Hope rises for cancer patients as US company works DNA-based vaccines

April 12, 2015 2:54 pm

A major step towards developing a cure for cancer was taken during
the week with a success recorded in the production of DNA-based vaccines
by a company.

-based Inovio Pharmaceuticals Inc announced, on Thursday,
preliminary data showing that its INO-3112 DNA-based immunotherapy
generated strong CD8+ T cell responses in three of four patients with
head and neck cancer associated with human papillomavirus (HPV) types 16
and 18. The data, which are T cell measurements from the first four
treated patients of this phase I/IIa study, were on Thursday, presented
at the World Vaccine Congress 2015 by Inovio’s Chief Operating Officer
(COO), Dr. Niranjan Y. Sardesai.

These positive results represent the first study and first report of
T-cell immune responses generated in cancer patients after treatment
with an Inovio DNA immunotherapy. The magnitude and characteristics of
these interim immune response data mirror immune responses previously
observed in human studies of VGX-3100 for HPV-associated cervical
dysplasia; in a placebo-controlled phase II study, strong T cell immune
responses were positively correlated with achievement of primary and
secondary efficacy endpoints.
Dr. J. Joseph Kim, Inovio’s President and Chief Executive Officer
(CEO), said, “This initial data set from Inovio’s first cancer study
provides encouraging evidence that we are on an important path to better
optimised immunotherapy products. Regardless of whether it is an
infectious disease, a precancer, or a cancer, the immune system uses the
same mechanism to eliminate infected or mutated cells. In
immune-oncology, it’s all about the T-cells. Here, we show in cancer
patients that we can generate antigen-specific CD8+ killer T-cell
responses, which are essential to an effective immunotherapy.
“We look forward to completing our currently enrolling studies for
HPV-associated head and neck and cervical cancers, completing the
preparations for our planned phase III study for cervical precancer, and
launching new studies for hepatitis B and prostate cancer that all rely
on the same targeted T-cell-based killing activity.”
This open-label study of HPV-caused head and neck cancer is intended
to assess the safety, tolerability, and immunogenicity of up to 20
adults with HPV-positive head and neck squamous cell carcinoma. The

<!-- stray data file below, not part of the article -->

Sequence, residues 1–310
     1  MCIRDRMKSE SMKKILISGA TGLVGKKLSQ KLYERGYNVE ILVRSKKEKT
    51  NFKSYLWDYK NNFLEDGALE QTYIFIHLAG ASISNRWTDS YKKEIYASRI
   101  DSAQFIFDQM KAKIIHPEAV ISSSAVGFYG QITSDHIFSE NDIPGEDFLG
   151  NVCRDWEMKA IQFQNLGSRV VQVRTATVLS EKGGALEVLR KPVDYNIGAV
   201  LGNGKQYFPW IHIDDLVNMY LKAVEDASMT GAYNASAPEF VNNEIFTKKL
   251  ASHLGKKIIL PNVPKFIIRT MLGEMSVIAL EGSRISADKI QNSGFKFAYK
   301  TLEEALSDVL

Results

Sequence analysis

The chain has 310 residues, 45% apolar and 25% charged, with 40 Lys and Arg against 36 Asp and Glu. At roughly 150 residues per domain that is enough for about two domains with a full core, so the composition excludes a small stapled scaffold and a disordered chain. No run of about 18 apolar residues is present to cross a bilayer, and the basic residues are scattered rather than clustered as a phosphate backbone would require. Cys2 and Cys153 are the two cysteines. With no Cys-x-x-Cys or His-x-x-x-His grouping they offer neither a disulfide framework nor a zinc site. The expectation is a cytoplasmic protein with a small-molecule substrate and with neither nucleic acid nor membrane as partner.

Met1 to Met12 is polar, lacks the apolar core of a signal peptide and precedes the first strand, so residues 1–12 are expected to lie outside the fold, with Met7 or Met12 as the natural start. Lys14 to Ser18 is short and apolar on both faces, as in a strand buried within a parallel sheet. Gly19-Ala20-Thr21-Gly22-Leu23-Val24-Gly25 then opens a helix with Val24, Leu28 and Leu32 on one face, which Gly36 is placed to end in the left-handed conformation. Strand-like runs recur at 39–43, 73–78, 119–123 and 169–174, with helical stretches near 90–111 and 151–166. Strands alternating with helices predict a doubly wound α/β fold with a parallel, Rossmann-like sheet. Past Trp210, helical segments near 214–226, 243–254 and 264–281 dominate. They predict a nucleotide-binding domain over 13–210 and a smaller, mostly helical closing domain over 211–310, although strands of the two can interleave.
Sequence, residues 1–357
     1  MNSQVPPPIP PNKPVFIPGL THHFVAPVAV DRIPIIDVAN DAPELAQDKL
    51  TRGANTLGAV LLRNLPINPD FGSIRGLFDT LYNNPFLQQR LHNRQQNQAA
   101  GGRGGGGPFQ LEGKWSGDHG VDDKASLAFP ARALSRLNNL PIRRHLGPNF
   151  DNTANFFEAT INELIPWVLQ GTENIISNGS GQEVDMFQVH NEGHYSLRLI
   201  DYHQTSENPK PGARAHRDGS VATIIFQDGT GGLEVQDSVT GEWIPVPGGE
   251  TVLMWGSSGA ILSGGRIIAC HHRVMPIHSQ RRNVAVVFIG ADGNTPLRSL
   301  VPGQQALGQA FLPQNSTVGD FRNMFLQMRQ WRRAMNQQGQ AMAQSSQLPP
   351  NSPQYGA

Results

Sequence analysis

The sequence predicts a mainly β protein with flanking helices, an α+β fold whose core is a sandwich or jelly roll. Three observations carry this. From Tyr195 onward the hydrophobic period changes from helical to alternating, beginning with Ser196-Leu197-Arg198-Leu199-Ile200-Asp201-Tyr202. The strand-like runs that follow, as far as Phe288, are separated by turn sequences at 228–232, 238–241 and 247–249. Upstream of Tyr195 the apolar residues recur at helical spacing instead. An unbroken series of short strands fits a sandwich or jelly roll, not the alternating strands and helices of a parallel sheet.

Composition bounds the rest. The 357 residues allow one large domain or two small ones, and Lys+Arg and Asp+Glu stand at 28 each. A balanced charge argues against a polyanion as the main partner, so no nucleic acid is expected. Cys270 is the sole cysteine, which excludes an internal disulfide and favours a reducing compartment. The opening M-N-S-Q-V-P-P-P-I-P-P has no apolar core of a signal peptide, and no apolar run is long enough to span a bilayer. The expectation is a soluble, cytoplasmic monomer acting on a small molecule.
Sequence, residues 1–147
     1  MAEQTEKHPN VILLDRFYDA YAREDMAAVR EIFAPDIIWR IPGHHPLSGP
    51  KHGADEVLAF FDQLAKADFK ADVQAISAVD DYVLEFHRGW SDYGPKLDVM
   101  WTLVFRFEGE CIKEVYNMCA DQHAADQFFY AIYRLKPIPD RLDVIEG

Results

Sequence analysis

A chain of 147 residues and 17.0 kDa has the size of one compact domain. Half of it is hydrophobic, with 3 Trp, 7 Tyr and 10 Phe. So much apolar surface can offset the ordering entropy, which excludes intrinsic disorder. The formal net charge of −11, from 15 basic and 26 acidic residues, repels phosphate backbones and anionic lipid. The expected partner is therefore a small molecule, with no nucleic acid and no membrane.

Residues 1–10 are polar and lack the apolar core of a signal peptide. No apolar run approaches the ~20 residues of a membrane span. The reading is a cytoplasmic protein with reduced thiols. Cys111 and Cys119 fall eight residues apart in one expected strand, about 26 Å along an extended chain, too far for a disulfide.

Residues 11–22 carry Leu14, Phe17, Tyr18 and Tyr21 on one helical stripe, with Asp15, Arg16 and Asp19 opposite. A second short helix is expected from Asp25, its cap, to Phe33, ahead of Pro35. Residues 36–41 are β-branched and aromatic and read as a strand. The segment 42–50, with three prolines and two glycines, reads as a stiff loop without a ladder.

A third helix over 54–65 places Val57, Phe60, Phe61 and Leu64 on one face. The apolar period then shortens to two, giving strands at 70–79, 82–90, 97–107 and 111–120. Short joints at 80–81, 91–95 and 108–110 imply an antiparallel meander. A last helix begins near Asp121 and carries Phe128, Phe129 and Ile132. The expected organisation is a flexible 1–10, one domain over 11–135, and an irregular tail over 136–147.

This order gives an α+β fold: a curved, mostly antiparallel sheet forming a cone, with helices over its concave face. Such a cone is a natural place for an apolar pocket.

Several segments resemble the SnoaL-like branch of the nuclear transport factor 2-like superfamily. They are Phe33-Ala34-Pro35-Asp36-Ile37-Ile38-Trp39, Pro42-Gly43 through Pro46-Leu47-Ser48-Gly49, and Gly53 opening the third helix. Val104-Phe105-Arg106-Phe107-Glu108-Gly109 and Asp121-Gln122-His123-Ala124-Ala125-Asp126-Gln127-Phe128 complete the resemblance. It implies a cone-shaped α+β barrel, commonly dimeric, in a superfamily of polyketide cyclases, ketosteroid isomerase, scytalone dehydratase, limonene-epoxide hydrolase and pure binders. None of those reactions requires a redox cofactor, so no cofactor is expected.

study includes patients who are being treated with the drug before and
after resection of their tumor as well as patients being treated with
the drug after completion of chemotherapy and radiation therapy.
The company recently won a $45 million grant from the Defense
Advanced Research Projects Agency (DARPA) to lead a collaborative team
to develop products and a DNA-based vaccine against Ebola.
Inovio is the prime contractor on the DARPA program. Other
collaborators are MedImmune, the global biologics R&D arm of
AstraZeneca; GeneOne Life Sciences and its manufacturing subsidiary,
VGLI; and Professor David B. Weiner, Ph.D., professor of pathology and
laboratory medicine at UPenn, Emory and Vanderbilt.
Plans are to dose the first patient with Inovio’s vaccine during the
second quarter of this year. In preclinical testing the vaccine
protected 100 per cent of vaccinated animals from death and sickness
after being exposed to a lethal dose of the Ebola virus.
“We are advancing against this virus on all fronts,” said Dr. Kim, in
a statement thanking DARPA. The contract represents the largest single
grant ever awarded to Inovio, which has previously won two grants
totaling $28 million from the National Institutes of Health in 2015.
Fourteen years ago, Dr. Kim left a job developing vaccines for Merck
to launch a new company with his former PhD. advisor. Today, Inovio is
considered leader in the vaccine market for its drive to produce DNA
vaccines: synthetic, gene-based medicines that train the body’s immune
system to attack cancers, influenza, Ebola, even HIV/AIDS.
“In many ways, the immune system is like an iPhone without any
software or apps,” he said. “By delivering small snippets of DNA that
tell the immune system to recognise a cancer cell or flu virus as the
enemy, we can more effectively train the immune system to destroy them.”
If his company is successful in bringing an Ebola and other DNA
vaccines to market, it could change the way we think about disease—to
say nothing of vaccines themselves. By attacking the disease at a DNA
level, an Ebola vaccine could both prevent and treat the illness.
Cancers could be cured or prevented with a single, risk-free shot.
Public health crises ranging from flu season to Africa’s AIDS disaster
could be brought under control. Fear-mongering over vaccines and their
supposed side effects could be eased. And the financial rewards for
Inovio and its investors—the value of the flu vaccine alone is estimated
at $4 billion—could be astronomical.
Inovio is just one of several pharmaceutical companies chasing an
Ebola vaccine, including Merck, Johnson & Johnson and
GlaxoSmithKline. Though several ebola vaccines have been fast-tracked in
the wake of the epidemic in West Africa, it’s still unclear when any
will come to market.
Sources: CSBN and streetinsider.com

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